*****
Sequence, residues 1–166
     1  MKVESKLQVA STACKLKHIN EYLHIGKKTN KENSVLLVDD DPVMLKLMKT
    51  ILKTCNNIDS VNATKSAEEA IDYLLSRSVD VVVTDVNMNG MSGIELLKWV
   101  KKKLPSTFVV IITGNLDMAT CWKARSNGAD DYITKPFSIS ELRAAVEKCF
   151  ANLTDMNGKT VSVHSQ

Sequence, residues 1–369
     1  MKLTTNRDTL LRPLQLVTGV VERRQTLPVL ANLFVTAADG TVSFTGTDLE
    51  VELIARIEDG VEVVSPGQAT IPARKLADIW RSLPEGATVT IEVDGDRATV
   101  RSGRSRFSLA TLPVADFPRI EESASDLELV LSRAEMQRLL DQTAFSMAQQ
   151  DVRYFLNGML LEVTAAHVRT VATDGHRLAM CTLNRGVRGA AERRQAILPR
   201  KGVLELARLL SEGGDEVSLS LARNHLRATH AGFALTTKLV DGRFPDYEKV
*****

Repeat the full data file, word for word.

Sequence, residues 1–166
     1  MKVESKLQVA STACKLKHIN EYLHIGKKTN KENSVLLVDD DPVMLKLMKT
    51  ILKTCNNIDS VNATKSAEEA IDYLLSRSVD VVVTDVNMNG MSGIELLKWV
   101  KKKLPSTFVV IITGNLDMAT CWKARSNGAD DYITKPFSIS ELRAAVEKCF
   151  ANLTDMNGKT VSVHSQ

Sequence, residues 1–369
     1  MKLTTNRDTL LRPLQLVTGV VERRQTLPVL ANLFVTAADG TVSFTGTDLE
    51  VELIARIEDG VEVVSPGQAT IPARKLADIW RSLPEGATVT IEVDGDRATV
   101  RSGRSRFSLA TLPVADFPRI EESASDLELV LSRAEMQRLL DQTAFSMAQQ
   151  DVRYFLNGML LEVTAAHVRT VATDGHRLAM CTLNRGVRGA AERRQAILPR
   201  KGVLELARLL SEGGDEVSLS LARNHLRATH AGFALTTKLV DGRFPDYEKV